Editorial: Our future meets our glorious past

April 18 was a day for celebrating Fort Worth’s future – a seemingly limitless future that is all the more promising because of our city’s reverence for its glorious past.

There are vestiges of the past that we value but inevitably slip from our grasp; we mourn those things, some more than others. We miss the days when phone calls to a few business leaders could rally the forces of a cavalry to make a victorious charge on a local problem.We lament the lack of support faced by arts groups as they strive to maintain the “culture” in the “cowboy and culture” tag we wear so proudly.

What we witnessed April 18 was the old Fort Worth spirit of giving back, by individuals and by an iconic Fort Worth corporation stepping up in the way that has always made us unique.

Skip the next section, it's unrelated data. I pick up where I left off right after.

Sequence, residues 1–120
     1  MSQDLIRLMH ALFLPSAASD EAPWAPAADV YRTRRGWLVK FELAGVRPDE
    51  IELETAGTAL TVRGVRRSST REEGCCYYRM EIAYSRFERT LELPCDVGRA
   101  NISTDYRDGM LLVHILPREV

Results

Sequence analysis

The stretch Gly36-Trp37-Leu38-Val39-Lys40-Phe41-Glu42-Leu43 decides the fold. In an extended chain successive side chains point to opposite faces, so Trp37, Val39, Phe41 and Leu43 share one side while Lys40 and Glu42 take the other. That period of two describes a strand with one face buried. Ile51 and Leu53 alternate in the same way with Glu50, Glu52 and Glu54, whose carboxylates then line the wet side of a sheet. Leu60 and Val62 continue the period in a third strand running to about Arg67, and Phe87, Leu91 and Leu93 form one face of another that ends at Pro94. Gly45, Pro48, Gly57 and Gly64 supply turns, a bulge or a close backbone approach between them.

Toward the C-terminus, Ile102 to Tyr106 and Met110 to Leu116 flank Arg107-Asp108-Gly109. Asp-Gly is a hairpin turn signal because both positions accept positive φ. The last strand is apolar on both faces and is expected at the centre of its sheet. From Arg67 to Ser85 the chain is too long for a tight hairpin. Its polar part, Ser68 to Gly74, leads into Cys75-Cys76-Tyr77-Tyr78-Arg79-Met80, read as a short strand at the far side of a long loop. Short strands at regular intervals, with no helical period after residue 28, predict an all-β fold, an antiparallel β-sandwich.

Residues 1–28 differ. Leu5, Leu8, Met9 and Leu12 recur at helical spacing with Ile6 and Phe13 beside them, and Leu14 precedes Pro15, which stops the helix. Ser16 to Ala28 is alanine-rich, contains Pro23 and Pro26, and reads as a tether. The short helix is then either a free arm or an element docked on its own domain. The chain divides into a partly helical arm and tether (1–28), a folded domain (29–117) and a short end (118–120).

First, pharmaceutical pathfinder and philanthropic mainstay Paul Dorman revealed that he will pay one-year’s full tuition for each of the students entering the inaugural class of the new medical school being developed by TCU and the University of North Texas Health Science Center.

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Next, minutes after ground was broken for Fort Worth’s new multipurpose arena, legendary workwear manufacturer Dickies took on naming rights for a facility that is the spectacular culminaton of a decades-long effort by city leaders, notably Edward P. Bass. We cherish our historic Will Rogers Coliseum but the need for a modern and more versatile venue has long been apparent.

At day’s end, the Fort Worth Business Press’ own testament to the future, our annual 40 Under 40 awards, recognized young leaders committed to all the right things: family, community, church, charity and, of course, their business careers. Among that group was 14-year Will Lourcey, being just a kid at heart but using that heart to build a mission to feed the homeless and hungry.

Our future is in good hands.